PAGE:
One project from Purple Angel music has rewritten and altered the lyrics to some well-known songs which are loaded onto an iPod and can be placed in a person’s home to remind them to carry out day-to-day tasks such as eating and drinking, locking their front door, turning off their fire and showering.
The pre-loaded iPod, which comes in a number of musical genres, contains two 12-hour tracks – one which plays the lyrically-amended songs at two hour intervals throughout the day to act as a reminder service, and the other which is 12 hours of silence, designed to allow the patient to sleep without having to remember to turn off the iPod.
Examples of the altered tracks include:
L.O.V.E, I’d love a cup of tea – a song to encourage rehydration via a cup of tea
That’s Amore, That’s a bath day – a song to encourage taking a shower or bath
Let There be Love, Let there be lunch – a song to encourage eating
Can’t take my eyes off of you – a song to encourage night time requirements, like locking the door and turning off the fire.
A playlist for life
In August 2016, the Care Inspectorate backed a scheme called ‘playlist for life’ which encourages care homes to integrate music into their care for patients with dementia. Moving beyond just allocating a time to place headphones onto a patient and leaving them to listen alone (although at times this may be helpful too), the aim is for music to be a vehicle for connected care. It allows carers to use music as a tool to find out more about the person they are caring for and encourage them to engage through the music.
“Music can reveal previously hidden aspects of the patients to their carers; likes and dislikes, talents and memories – it all helps piece together the jigsaw of an identity obscured by illness.”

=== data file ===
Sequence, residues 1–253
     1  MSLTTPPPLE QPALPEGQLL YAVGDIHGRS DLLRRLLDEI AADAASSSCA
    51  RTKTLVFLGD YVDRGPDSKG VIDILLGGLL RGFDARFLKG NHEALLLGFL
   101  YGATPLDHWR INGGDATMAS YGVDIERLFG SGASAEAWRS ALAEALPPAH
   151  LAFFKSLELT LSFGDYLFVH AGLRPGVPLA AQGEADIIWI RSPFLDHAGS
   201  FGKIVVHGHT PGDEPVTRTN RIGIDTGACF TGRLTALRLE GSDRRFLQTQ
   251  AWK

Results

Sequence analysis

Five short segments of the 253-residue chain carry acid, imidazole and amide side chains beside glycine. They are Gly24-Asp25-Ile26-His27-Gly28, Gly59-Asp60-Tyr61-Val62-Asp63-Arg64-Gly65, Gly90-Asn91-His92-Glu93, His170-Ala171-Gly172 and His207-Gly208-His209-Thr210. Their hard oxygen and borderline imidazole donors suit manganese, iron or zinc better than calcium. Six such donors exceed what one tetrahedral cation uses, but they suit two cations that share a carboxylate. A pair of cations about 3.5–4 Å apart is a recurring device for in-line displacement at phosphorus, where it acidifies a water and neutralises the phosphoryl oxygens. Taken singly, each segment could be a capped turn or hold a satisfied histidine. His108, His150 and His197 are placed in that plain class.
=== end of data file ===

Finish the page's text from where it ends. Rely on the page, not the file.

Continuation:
As the video above shows, using music can also be a way for family members to re-engage with the person suffering from dementia. It also allows them to feel like they are directly involved in a positive element of care, as they are often invited to create the playlist, using songs that they know will evoke specific memories or emotions for the patient, and then listen along with them, interacting as they do so.
Similarly, Music for Life, a project run jointly by London’s Wigmore Hall and the charity Dementia UK brings specially trained musicians into care homes to work with patients, carers and family members in group and 1-2-1 sessions, creating and listening to music. Musicians, care home staff and managers meet after each session to reflect on what they have learned about the patients – knowledge that helps in future care and treatment.
Over 800,000 people currently live with the condition and roughly 25 million people – nearly half the UK population – are affected by it through knowing someone with the condition.
Music offers a way to care for people suffering from dementia in a sensitive, person-centred and cost effective manner. It can also be a vital tool to support families who can reconnect with their loved ones through a piece of music, even when other forms of communication have become difficult.
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The 2014 Commonwealth Games are drawing to a close in Glasgow, and in addition to all the sporting action that is taking place in the city, the Games have acted as a catalyst for a wide range of cultural events. Perhaps one of the most ambitious in scale was the Big Big BIG Sing, which took place on Glasgow Green on 27th July, with a day-long programme of varied events, from beatboxing to Gaelic singing. In this article, we take a closer look at the Big Big BIG Sing and a couple of other projects in local communities across the UK, which are putting music centre stage in community engagement and regeneration.